Eventually they'll exhaust your patience, and that'll probably happen before your contract runs out. Difficult clients are rarely worth the amount of money they bring into your company, so if you see a red flag don't be afraid to run the other way.

Do you need to go full-on Julia Sugarbaker about it? No, but that doesn't make this scene any less inspiring.

4. Highlighting your crazy is better than hiding it.

What some people call crazy, others showcase as a "differentiating characteristic." Creative fields, in particular, benefit from a certain amount of insane creativity.

"Highlighting your crazy is better than hiding it. Showcase it as a differentiating characteristic." - The Content Factory

Find what makes you unique and flaunt it. If anyone asks, say you got it from your mother.

5. Never be afraid to shut down a creeper at a conference.

It's easy to err on the side of being polite and let a creeper linger for too long, but when you do that the only person who suffers is you. Meanwhile, Captain Combover is getting exactly what he wants: some facetime with a lady who is too timid to tell him off. Don't give him the pleasure of your company and attention. As Julia says, "you just cannot be nice to man like that."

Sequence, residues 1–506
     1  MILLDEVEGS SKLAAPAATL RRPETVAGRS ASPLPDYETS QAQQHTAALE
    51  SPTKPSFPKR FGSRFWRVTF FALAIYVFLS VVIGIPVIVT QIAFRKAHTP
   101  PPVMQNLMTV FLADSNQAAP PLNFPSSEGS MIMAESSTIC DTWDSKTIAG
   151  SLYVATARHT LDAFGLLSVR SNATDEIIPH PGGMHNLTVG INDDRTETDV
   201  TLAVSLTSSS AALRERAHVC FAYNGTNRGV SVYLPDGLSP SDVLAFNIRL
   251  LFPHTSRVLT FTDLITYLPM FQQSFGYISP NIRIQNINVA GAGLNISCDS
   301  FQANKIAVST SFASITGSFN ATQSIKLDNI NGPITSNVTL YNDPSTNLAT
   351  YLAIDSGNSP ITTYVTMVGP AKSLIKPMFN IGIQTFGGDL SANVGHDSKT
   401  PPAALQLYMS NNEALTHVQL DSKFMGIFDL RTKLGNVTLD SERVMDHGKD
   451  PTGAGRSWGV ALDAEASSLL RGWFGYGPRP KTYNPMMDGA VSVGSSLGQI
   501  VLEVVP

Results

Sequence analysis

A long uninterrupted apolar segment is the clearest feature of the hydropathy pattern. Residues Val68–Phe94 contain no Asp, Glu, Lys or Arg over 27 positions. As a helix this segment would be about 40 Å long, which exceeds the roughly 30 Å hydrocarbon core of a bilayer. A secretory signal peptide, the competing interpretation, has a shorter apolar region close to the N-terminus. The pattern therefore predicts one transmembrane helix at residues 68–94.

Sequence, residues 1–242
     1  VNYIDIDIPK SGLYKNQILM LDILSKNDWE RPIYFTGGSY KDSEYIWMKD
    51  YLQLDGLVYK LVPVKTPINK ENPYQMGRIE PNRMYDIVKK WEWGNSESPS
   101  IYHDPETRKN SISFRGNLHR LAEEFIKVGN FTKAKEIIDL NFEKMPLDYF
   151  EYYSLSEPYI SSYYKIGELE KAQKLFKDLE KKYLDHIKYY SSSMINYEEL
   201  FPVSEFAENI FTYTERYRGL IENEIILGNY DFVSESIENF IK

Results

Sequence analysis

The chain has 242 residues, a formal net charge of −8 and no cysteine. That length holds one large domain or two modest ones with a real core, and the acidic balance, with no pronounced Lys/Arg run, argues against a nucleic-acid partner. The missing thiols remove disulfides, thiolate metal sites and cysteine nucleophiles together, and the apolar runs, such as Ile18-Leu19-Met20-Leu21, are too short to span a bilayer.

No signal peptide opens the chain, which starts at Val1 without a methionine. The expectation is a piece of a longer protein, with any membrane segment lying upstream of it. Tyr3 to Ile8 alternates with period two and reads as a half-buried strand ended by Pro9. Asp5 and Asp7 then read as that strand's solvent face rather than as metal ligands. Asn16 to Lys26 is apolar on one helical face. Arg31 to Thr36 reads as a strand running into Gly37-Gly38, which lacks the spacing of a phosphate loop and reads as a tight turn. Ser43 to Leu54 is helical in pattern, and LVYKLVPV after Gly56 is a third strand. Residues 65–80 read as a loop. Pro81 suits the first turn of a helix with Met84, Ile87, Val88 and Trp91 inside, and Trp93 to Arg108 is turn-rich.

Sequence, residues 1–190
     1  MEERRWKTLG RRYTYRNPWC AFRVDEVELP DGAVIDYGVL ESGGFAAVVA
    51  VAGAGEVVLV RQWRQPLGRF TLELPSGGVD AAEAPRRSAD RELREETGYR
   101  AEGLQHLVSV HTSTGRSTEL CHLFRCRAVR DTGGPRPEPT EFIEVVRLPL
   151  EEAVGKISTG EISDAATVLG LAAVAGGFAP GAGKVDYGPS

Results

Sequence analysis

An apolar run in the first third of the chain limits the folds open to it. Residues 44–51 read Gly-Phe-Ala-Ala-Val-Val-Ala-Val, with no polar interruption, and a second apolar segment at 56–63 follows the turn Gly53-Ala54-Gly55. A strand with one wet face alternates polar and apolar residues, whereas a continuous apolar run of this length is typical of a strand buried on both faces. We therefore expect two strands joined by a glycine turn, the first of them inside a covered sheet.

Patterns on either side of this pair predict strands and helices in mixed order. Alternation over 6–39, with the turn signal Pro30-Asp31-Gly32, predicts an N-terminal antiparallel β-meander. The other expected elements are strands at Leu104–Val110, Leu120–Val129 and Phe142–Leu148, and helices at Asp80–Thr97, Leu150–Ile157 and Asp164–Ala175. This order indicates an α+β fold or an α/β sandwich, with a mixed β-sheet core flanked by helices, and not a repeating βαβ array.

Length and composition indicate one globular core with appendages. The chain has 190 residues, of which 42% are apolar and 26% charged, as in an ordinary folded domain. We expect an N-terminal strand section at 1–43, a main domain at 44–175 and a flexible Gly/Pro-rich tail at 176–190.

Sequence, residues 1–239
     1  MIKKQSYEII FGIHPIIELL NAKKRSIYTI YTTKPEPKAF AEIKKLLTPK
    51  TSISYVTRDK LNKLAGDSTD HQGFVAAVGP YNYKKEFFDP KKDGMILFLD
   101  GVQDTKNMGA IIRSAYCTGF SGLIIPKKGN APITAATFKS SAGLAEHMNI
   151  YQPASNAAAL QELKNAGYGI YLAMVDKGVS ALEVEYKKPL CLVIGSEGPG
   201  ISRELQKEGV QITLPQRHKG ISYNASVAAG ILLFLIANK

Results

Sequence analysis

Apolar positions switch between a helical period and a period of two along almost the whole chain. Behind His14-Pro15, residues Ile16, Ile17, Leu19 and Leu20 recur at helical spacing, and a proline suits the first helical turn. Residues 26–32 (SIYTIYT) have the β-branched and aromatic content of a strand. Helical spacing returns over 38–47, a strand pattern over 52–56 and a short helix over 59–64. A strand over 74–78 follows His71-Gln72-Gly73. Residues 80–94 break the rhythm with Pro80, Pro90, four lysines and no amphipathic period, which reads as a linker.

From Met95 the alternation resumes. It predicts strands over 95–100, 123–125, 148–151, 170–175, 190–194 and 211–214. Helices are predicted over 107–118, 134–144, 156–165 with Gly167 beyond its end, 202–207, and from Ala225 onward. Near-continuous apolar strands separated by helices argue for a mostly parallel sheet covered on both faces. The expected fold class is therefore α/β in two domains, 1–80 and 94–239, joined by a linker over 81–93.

All too often, women sit in uncomfortable situations because they're worried that being direct will be misconstrued as being "bitchy." If you find yourself in that position, go ahead and take the chance. After all, bitches get ahead in business.

6. Business trips are stressful, which is why it's always a good idea to get separate rooms.

"There are four of us ladies going to the same trade show," said the businesswoman who didn't know any better. "Let's all share a room and save money!" This is a bad idea, because pinching pennies is not worth pinching the nerves of your colleagues.

Sharing a room may work for a day or two, but any longer than that and you'll be counting down the seconds to your separate flights. Never discount the value of having some alone time, especially before/after big presentations.

7. It's up to you to tell your story, and to get the right message out there. 

If you're not careful about your messaging, it's easy for people to make mistakes with their representation of your brand. You may have experienced this already. Ever get interviewed by a reporter, only to read the published article and find that you've been misquoted or that there are glaring factual errors in the story? The journalist almost certainly didn't do that on purpose — they drew the conclusions based on the information they had access to.

If you find that you've been misrepresented, do your best to get it corrected immediately. Although search engine results weren't much of a concern for the ladies of Designing Women, they should be a concern for you as a business owner. What gets reported now will get repeated (and linked to) later.

"If you find you've been misrepresented (misquoted, etc.) get it corrected immediately." - The Content Factory

Did you learn anything about entrepreneurship from Designing Women? Tell us about it (and post your favorite clips!) in the comments section.

By Kari DePhillips

Designing Women, Dixie Carter, Julia Sugarbaker, women in business